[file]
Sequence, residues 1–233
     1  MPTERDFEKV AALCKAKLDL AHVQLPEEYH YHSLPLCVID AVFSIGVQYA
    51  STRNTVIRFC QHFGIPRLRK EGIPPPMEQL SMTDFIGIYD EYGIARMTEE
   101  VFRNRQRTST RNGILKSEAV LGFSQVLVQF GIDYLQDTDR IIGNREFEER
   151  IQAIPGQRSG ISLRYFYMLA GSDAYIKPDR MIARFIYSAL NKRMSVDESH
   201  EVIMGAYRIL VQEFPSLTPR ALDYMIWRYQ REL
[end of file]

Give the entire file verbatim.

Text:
Sequence, residues 1–233
     1  MPTERDFEKV AALCKAKLDL AHVQLPEEYH YHSLPLCVID AVFSIGVQYA
    51  STRNTVIRFC QHFGIPRLRK EGIPPPMEQL SMTDFIGIYD EYGIARMTEE
   101  VFRNRQRTST RNGILKSEAV LGFSQVLVQF GIDYLQDTDR IIGNREFEER
   151  IQAIPGQRSG ISLRYFYMLA GSDAYIKPDR MIARFIYSAL NKRMSVDESH
   201  EVIMGAYRIL VQEFPSLTPR ALDYMIWRYQ REL